Port Davey

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Port Davey
43°18.252'S, 145°56.790'E Chart icon.png
lat=-43.304194 | lon=145.946503 | zoom=11 | y
Port Davey.jpg
Port Davey - SW Tasmania

Port Davey and Bathurst Harbour together provide a large, world class, temperate cruising ground. These two areas lie in the middle of Tasmania's World Heritage South West National Park.

Access is a challenge as the south and west coasts of Tasmania are fully exposed to the Southern Ocean. To the west, there is no land until you reach Argentina, to the south, the next land is Antarctica. There are few civilised facilities in the area and no permanent residents. There are no roads, although there is an unsealed airstrip at Melaleuca. Several walking tracks converge on this area, but the walk back to civilisation takes up to a week.

There is an excellent selection of anchorages spread around the shores of Port Davey and Bathurst Harbour and these provide great opportunities to explore the surrounding wilderness.

Port Davey is a large bay, mostly open to the west and experiencing the full effect of the westerly swell, but there are sheltered bays around the edge which provide sheltered anchorage.

The Breaksea Islands provide a natural barrier which shields the Bathurst Channel from the swell and this channel has numerous excellent anchorages along its length.

After 8 miles, Bathurst Channel opens out into Bathurst Harbour, a large inland waterway. The Harbour is quite shallow at around 5 or 6 metres, but mostly free from dangers. There are several good, interesting anchorages around the Harbour.

Melaleuca Inlet lies in the SW corner of Bathurst Harbour and can be navigated (with care) by most vessels for 3 miles to the settlement of Melaleuca where the airstrip is situated.

Because these waterways are within a World Heritage Area and National Park, there are some restrictions on anchoring, use of motors, diving and fishing. These are not onerous and those who sail with a clean wake will not be troubled by them.

Boats visiting this area should be prepared to be self sufficient in fuel, food and spares for an extended period of time. Good water is available from several sources. There is no guarantee that a suitable weather window for return along the south coast will be available when needed, so all vessels should carry an adequate reserve of supplies.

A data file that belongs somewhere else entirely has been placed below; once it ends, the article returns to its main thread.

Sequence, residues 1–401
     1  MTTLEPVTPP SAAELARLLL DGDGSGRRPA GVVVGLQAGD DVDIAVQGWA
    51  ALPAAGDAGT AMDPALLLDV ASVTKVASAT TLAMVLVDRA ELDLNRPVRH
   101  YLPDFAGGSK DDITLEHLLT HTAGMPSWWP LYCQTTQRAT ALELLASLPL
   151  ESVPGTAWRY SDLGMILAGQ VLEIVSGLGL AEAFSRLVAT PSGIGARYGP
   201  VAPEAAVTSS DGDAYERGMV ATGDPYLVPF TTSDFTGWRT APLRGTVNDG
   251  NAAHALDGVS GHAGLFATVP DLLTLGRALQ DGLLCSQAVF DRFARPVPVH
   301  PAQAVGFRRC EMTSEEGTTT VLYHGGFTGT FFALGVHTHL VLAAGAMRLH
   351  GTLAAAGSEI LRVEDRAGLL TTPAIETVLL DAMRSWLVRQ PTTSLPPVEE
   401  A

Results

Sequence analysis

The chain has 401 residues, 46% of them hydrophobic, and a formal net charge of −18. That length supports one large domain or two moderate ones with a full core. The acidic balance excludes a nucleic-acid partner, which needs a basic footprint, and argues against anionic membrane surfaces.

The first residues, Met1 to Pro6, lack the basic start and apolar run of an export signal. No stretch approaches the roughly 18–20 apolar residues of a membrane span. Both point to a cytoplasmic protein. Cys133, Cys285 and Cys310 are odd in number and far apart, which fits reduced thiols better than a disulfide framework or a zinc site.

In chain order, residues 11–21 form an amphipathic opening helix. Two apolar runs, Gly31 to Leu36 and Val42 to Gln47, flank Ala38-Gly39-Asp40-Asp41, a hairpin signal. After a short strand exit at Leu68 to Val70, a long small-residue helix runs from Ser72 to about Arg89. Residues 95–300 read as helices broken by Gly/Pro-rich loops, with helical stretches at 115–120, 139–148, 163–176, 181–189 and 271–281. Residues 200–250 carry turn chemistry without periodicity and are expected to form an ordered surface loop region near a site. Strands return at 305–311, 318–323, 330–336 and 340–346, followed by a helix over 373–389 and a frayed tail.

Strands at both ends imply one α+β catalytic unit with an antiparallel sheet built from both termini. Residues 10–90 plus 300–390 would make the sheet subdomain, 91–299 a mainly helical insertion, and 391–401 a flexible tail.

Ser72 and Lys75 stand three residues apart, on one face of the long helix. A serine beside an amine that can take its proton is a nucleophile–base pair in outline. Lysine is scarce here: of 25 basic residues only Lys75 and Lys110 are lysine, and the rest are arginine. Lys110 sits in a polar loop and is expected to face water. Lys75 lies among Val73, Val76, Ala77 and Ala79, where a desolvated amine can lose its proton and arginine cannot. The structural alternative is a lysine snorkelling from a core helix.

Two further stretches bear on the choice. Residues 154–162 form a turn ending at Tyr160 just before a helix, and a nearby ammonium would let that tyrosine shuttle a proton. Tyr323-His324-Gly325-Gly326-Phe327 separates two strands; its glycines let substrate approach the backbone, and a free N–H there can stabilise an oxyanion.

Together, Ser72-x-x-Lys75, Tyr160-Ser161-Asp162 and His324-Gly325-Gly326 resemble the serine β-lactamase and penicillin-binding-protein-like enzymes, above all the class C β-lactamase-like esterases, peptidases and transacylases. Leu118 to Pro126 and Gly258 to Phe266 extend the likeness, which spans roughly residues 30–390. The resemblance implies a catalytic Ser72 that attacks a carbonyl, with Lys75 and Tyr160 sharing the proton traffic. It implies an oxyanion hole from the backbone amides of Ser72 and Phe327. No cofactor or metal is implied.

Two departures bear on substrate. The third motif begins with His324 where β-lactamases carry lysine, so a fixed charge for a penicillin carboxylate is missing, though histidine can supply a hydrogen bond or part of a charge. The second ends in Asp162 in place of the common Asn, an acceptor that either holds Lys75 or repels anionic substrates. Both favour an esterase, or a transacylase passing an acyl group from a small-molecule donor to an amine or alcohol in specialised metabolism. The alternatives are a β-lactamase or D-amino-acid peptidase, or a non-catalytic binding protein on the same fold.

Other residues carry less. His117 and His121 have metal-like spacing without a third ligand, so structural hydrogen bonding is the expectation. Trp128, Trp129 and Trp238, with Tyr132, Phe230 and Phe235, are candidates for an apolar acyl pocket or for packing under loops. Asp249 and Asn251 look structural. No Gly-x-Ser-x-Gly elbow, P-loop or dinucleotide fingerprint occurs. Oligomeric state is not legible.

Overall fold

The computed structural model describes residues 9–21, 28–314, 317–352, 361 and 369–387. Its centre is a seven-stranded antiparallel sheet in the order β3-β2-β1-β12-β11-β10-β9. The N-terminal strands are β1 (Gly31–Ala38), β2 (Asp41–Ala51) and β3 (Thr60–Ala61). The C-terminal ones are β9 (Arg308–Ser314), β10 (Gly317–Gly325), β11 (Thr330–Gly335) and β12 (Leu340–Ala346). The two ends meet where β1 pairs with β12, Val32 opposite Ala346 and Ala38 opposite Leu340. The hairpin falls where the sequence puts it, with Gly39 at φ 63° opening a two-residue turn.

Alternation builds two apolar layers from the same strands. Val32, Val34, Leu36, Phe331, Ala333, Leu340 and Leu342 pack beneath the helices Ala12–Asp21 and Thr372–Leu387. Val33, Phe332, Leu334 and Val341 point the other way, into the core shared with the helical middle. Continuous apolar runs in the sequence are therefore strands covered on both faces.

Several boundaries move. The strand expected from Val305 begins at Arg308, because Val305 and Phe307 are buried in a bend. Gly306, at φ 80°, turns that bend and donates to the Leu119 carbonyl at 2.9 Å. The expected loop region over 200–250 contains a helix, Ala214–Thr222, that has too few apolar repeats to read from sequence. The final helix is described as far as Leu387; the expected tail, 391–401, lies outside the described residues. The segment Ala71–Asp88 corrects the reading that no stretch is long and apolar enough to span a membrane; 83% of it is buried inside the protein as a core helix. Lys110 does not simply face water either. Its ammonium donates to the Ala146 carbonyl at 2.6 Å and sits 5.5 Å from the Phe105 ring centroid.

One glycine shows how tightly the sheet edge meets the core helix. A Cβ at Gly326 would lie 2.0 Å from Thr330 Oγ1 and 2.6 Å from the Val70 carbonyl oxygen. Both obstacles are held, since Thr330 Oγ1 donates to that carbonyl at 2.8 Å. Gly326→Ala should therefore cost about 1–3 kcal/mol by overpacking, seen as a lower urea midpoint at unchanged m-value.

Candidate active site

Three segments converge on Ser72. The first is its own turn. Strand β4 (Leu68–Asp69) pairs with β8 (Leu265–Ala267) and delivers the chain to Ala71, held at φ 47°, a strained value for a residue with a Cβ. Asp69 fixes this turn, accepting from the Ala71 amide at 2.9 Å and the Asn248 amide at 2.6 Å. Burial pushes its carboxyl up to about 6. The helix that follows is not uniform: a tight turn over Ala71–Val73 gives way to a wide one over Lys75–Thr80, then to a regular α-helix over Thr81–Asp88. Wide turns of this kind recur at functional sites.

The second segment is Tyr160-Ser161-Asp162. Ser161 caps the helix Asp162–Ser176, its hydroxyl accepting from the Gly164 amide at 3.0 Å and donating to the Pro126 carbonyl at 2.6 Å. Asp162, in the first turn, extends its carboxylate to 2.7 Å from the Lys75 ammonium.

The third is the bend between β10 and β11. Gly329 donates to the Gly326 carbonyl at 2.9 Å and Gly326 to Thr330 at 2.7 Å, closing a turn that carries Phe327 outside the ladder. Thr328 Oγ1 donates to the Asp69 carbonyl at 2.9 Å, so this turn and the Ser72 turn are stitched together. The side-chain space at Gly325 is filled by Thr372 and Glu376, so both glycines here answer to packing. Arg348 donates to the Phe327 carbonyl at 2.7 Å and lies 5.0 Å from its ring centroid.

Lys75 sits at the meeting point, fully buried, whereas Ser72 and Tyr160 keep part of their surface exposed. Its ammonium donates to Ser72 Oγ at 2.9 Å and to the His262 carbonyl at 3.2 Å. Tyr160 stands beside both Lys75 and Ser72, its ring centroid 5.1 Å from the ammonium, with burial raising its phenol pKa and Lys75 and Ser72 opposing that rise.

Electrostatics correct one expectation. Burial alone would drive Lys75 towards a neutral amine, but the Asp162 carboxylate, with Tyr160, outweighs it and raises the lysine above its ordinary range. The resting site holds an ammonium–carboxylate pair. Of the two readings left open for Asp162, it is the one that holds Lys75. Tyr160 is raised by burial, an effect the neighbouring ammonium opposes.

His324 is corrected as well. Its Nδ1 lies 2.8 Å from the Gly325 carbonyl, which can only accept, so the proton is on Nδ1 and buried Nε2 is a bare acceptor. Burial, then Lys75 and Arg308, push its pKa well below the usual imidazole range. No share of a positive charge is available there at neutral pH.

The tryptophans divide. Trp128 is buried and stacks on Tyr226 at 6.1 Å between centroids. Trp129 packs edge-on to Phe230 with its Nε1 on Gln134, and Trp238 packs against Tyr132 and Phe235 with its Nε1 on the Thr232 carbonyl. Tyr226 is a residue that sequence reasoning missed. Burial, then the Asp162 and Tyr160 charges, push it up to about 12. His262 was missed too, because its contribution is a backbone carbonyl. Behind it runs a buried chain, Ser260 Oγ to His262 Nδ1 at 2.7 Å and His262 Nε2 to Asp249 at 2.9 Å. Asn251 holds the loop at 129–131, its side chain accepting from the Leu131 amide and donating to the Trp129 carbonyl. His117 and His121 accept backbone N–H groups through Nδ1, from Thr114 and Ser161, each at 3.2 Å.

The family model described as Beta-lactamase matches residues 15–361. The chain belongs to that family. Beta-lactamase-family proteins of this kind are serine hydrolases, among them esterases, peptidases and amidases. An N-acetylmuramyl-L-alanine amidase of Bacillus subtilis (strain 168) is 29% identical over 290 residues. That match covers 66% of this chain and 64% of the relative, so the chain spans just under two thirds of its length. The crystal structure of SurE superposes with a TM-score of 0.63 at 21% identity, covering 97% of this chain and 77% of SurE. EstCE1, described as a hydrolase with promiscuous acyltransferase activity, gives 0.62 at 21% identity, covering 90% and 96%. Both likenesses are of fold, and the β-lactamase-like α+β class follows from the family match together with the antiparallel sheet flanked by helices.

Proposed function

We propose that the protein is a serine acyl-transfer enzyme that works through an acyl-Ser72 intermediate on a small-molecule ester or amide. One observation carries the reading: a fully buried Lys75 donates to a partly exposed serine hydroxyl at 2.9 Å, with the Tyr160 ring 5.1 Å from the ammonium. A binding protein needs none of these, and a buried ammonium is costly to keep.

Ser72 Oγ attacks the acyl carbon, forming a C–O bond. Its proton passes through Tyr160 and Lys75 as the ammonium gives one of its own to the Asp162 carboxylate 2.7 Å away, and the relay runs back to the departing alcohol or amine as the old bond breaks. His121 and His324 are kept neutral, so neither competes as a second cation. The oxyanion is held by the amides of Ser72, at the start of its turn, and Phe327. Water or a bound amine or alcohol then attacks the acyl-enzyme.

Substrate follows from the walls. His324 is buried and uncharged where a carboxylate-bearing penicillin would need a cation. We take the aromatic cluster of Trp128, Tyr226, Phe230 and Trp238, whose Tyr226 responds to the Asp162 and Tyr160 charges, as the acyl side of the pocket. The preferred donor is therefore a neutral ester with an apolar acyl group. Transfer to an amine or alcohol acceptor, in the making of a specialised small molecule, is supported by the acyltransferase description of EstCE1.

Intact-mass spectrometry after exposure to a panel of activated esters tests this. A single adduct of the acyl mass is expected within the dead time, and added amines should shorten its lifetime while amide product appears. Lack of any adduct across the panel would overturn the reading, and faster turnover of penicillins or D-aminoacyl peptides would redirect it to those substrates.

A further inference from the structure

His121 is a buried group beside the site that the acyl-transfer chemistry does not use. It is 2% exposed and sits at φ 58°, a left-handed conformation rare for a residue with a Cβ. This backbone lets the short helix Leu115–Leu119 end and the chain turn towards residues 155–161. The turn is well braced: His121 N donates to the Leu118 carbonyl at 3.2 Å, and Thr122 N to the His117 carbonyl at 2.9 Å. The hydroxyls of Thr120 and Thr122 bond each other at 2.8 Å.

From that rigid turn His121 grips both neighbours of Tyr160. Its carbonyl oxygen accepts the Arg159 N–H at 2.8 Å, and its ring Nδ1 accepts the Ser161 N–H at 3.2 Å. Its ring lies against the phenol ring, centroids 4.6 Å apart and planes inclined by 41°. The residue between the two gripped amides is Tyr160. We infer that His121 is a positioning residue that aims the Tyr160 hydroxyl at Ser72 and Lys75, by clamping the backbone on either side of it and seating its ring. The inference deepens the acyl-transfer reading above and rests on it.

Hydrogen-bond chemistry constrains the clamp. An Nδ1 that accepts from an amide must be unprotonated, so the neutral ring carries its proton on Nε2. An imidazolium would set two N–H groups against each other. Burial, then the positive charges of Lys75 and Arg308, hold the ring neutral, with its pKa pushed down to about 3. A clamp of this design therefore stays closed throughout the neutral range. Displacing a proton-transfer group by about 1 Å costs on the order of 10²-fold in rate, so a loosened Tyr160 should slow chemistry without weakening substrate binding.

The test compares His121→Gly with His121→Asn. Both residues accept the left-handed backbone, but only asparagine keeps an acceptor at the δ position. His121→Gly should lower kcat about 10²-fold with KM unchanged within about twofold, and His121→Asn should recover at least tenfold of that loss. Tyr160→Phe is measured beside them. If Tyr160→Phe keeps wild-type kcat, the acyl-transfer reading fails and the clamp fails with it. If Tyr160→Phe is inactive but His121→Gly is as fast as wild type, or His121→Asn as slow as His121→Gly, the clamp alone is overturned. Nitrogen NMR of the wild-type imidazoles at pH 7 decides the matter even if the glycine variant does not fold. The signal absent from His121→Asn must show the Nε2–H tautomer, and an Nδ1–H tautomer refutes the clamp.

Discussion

Note that there are strong tidal flows in Bathurst Channel, especially in those areas that are particularly narrow.

The whole area is a national park. No pets are allowed - no dogs, no cats.

Parks and Wildlife Tasmania – Map of allowable anchorage areas and motorized craft limits


See Tasmania.


Port Davey lies fully exposed to the Roaring Forties, with all that implies. Easterly weather can be very pleasant, but southerly changes can be sudden and violent, with gale or storm force winds and very limited visibility.

Sea breezes tend to blow from the west and can be strong from noon on.

Sources for Weather forecasts:

  • Weather forecasts are provided several times a day by Tas Maritime Radio on HF and VHF frequencies. There are VHF base stations on Maatsuyker Island and Elliot Range which broadcast on channel 68 and 67 at 0745, 1345 and 1733. Reception of these channels in the Port Davey / Bathurst Harbour varies with your location and may depend on the height of your aerial. Clear line of sight through to Maatsuyker provides best reception. Forecasts are broadcast on MF/HF frequencies 2524, 4146 and 6227 kHz at the same times as VHF.
  • Tasmanian coastal waters forecasts are also broadcast on HF by the Bureau of Meteorology through station VMC at 0230, 0630, 1030, 1430, 1830 and 2230 hrs EST (add one hour during summer time) on frequencies 2201, 6507, 8176 and 12365 kHz between 1800 and 0700 hrs EST, and 4426, 8176, 12365 and 16546 kHz between 0700 and 1800 hrs EST.


See Tasmania.


See Tasmania.


  • Tas Maritime Radio monitors VHF channel 16 (Maatsuyker Island and Elliot Range) which is accessible from much of Port Davey. Tas Maritime Radio also monitors HF frequencies 2524, 4125, 6215 and 8291 from 0700 - 1900 daily. VHF Channel 16 is monitored for distress traffic only from 1900-0700.

Also see Australia.


South West Cape

There is no simple way to get to Port Davey.

Most Tasmanian cruisers start from Recherche Bay, from which it is a 65 nm trip into Port Davey. Although the prevailing winds here are SWly, a little patience is generally rewarded with a period of easterlies sufficient to make the day trip across the bottom of Tasmania. Locals know of anchorages on the south coast of Tasmania, but you need to be very aware of the dangers and pitfalls in using these and it is safer to make the full trip in one go. Swells along the south coast can be enormous, but generally die down to 1 or 2 metres after a spell of calm weather.

Note that sea breezes are SWly on the SW corner of the state and can be quite brisk on warm days. It is worth timing your passage to ensure that you have rounded South West Cape before the sea breeze heads you and turns a nice easterly run into a windward slog.